Facebook’s Chief Creative Officer: Advertising Is Not ‘Tangential’ To The Experience

Despite the grueling news cycle and string of roiling controversies over the last few years, how Facebook tells its story to marketers hasn’t changed much since its early days, according to Mark D’Arcy, Facebook’s VP of global business marketing and its chief creative officer.

“Even before I joined, the story went like this: When you get in front of people, you have to create something of value,” he said. “That’s true no matter what is happening or what the creative canvas is.”

And on that front, big marketers can pick up a few clues from the little guys.

“Small and medium-sized businesses are doing really interesting things with creative on our platform, and that’s because they’re deeply focused making sure that every dollar they spend with us works,” D’Arcy said. “Large marketers can learn a lot from them about the need for relentless iteration.”

D’Arcy, who’s been at Facebook for nearly nine years, oversees the creative quality for Facebook’s own brands and for the millions of marketers large and small using its platforms. He works directly with CMO Antonio Lucio and reports to CRO David Fischer.

AdExchanger spoke with D’Arcy.

AdExchanger: In light of all the recent event cancelations due to the new coronavirus, including multiple Facebook events, are there alternative ways in which Facebook plans to meet with its community of marketers and developers?

MARK D’ARCY: Right now we’re focused on slowing the spread of the outbreak itself, but you’ll hear more from us in the coming weeks. When it comes to marketers and other partners, we’re looking at ways we can use our services to bring people together, share information and collaborate on projects.

Currently, my team is furiously working to create a virtual event called “UnSummit” to replace our large-scale annual sales conference, which was canceled due to concerns about the coronavirus, and we are thinking about similar ways to help serve partners and industry events that are in the same situation.

How do you strike a balance between monetization and the user experience across Facebook?

The vast majority of businesses, around 140 million, use our free services every month, and only a small percentage invest in our advertising products. We work very hard to make businesses a natural part of the experience. In terms of monetization, we’ve always had the very simple goal of making sure that the advertising is as relevant and rewarding as the other things you see.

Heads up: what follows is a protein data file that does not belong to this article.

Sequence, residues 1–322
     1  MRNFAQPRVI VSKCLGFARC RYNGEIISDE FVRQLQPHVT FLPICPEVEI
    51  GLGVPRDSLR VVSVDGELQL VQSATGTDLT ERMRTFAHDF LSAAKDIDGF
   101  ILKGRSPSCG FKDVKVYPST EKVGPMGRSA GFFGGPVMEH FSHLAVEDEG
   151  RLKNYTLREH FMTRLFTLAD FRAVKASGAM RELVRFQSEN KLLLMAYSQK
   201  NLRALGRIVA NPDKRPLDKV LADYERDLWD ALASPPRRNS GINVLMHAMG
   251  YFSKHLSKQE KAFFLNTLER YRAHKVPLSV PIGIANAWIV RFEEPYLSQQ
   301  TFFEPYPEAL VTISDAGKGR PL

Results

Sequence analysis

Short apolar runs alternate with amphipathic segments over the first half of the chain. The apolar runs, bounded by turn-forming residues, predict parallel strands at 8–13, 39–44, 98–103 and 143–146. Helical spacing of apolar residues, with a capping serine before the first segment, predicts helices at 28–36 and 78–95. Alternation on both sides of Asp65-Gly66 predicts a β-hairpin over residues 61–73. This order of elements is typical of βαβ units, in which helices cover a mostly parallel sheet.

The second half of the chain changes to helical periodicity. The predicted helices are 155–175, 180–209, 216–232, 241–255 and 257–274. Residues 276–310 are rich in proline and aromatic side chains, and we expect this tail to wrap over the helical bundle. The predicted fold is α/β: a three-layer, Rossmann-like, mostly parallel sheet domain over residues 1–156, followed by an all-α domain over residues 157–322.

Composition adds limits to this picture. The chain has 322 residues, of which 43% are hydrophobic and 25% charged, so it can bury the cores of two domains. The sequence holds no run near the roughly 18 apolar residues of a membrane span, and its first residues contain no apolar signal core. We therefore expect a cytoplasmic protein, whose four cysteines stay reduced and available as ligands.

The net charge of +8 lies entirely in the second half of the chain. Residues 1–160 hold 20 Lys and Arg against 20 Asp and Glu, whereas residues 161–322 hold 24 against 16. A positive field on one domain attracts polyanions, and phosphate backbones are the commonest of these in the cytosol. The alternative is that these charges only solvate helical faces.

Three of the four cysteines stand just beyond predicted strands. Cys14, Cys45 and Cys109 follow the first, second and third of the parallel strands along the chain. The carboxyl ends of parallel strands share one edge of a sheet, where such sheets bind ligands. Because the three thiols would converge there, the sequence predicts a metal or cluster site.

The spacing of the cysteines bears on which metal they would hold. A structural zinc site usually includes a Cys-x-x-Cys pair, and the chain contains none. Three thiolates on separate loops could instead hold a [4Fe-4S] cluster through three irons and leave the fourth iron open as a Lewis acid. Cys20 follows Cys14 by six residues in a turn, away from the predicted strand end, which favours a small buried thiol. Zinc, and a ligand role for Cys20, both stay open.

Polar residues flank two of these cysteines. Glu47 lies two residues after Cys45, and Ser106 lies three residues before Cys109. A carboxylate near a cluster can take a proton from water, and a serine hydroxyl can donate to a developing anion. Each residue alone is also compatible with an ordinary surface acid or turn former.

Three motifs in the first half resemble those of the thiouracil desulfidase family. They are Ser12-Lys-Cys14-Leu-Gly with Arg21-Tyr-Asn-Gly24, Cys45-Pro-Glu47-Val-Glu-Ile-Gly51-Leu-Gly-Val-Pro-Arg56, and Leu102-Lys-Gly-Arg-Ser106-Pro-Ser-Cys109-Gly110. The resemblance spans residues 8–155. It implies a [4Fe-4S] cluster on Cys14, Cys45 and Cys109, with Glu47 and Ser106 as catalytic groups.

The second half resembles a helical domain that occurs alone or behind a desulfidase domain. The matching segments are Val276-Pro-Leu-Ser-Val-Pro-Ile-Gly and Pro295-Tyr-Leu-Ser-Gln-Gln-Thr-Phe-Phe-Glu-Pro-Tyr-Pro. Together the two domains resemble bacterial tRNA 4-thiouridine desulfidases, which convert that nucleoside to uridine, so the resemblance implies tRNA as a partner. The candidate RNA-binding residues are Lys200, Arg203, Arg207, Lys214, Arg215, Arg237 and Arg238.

The idea of advertising being tangential to the experience – that is not how we look at it. And when we get it right, it works really well.

Maybe you’ve gotten too good at it. The idea that Facebook listens in on people’s conversations continues to persist.

There is an industrywide issue related to the extraordinary power of personalization. That is why we have tools for transparency and control, so people can see how their data is being used and do something about it.

Where does the inspiration come from for new creative formats? Cynics might say that Facebook has an unofficial, and unwilling, R&D lab in Santa Monica, which is where Snap has its headquarters.

Something we’ve always done, even back when we first introduced the news feed followed by ads in the news feed and then the invention of Canvas, is to look at how people are engaging before we design anything.

A good example of that is our interactive ad formats. It became clear that people wanted a lighter-touch way to connect and give feedback through our ad surfaces, and now we’re doing this in multiple ways.

Facebook has more than 8 million paid advertisers. Small and medium-sized businesses make up a huge portion of that. Why is Facebook so focused on SMBs?

At their best, Facebook and Instagram have the ability to make all businesses feel like big businesses, because the surface is the same for everyone. You show up in the same context, whether you’ve got $20 or a lot of money. We like leveling the playing field.

Facebook used to talk a lot about dynamic creative optimization, less so recently. Are you still as bullish on DCO?

The test I have for something like dynamic creative optimization from a creative standpoint is always: Is the work you’re putting in worth the value you’re getting out of it? Anything you do needs to be useful for people and not just be for the sake of it.

In general, marketers need to embrace the concept of creating more creative assets, though, rather than less, dynamic or otherwise.

For more than a year now, Facebook CFO Dave Wehner has been warning investors about ad targeting-related headwinds. With less data available for targeting, ads might become less valuable to marketers. Do marketers have questions for you about this?

People are demanding more privacy, and we’re committed to providing that and giving better transparency into how our business works. To flip the question, I think the industry overall has to do a better job of explaining the benefits that personalized advertising can have for people.

Will creative become more important as the cookie finally crumbles?

In general, there will be a higher burden to develop something that will engage a more diverse audience, to develop creative with more universal appeal.

But no matter what happens, creativity remains an integral part of unlocking the value of technology. We don’t have the right to market to people – we have the opportunity – and people have the power to dismiss you with a flick of their thumb or a turn of their head. Marketers need to remember that.

This interview has been edited and condensed.

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